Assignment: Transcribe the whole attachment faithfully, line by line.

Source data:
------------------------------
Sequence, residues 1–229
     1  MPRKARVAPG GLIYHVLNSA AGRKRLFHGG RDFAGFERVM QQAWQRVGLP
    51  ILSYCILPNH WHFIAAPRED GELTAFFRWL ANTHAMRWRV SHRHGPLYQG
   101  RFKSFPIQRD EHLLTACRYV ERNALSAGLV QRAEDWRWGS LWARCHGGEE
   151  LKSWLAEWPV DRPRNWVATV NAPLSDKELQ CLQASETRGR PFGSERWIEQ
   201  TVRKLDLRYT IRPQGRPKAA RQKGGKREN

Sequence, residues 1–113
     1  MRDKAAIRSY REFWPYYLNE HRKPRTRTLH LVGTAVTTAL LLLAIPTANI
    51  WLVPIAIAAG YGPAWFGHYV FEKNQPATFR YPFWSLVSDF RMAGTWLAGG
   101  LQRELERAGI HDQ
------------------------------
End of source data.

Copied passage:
Sequence, residues 1–229
     1  MPRKARVAPG GLIYHVLNSA AGRKRLFHGG RDFAGFERVM QQAWQRVGLP
    51  ILSYCILPNH WHFIAAPRED GELTAFFRWL ANTHAMRWRV SHRHGPLYQG
   101  RFKSFPIQRD EHLLTACRYV ERNALSAGLV QRAEDWRWGS LWARCHGGEE
   151  LKSWLAEWPV DRPRNWVATV NAPLSDKELQ CLQASETRGR PFGSERWIEQ
   201  TVRKLDLRYT IRPQGRPKAA RQKGGKREN

Sequence, residues 1–113
     1  MRDKAAIRSY REFWPYYLNE HRKPRTRTLH LVGTAVTTAL LLLAIPTANI
    51  WLVPIAIAAG YGPAWFGHYV FEKNQPATFR YPFWSLVSDF RMAGTWLAGG
   101  LQRELERAGI HDQ